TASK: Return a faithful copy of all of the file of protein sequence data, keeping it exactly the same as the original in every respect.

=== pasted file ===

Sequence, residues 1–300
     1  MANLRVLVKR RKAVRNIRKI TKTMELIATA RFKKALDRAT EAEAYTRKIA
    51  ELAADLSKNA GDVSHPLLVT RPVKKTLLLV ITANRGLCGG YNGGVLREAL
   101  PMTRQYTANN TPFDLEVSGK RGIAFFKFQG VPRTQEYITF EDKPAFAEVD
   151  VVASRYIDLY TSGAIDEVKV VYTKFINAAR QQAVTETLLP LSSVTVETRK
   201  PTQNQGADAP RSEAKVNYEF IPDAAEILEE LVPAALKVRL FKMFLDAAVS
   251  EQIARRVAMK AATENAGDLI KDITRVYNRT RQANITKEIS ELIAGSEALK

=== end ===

Sequence, residues 1–300
     1  MANLRVLVKR RKAVRNIRKI TKTMELIATA RFKKALDRAT EAEAYTRKIA
    51  ELAADLSKNA GDVSHPLLVT RPVKKTLLLV ITANRGLCGG YNGGVLREAL
   101  PMTRQYTANN TPFDLEVSGK RGIAFFKFQG VPRTQEYITF EDKPAFAEVD
   151  VVASRYIDLY TSGAIDEVKV VYTKFINAAR QQAVTETLLP LSSVTVETRK
   201  PTQNQGADAP RSEAKVNYEF IPDAAEILEE LVPAALKVRL FKMFLDAAVS
   251  EQIARRVAMK AATENAGDLI KDITRVYNRT RQANITKEIS ELIAGSEALK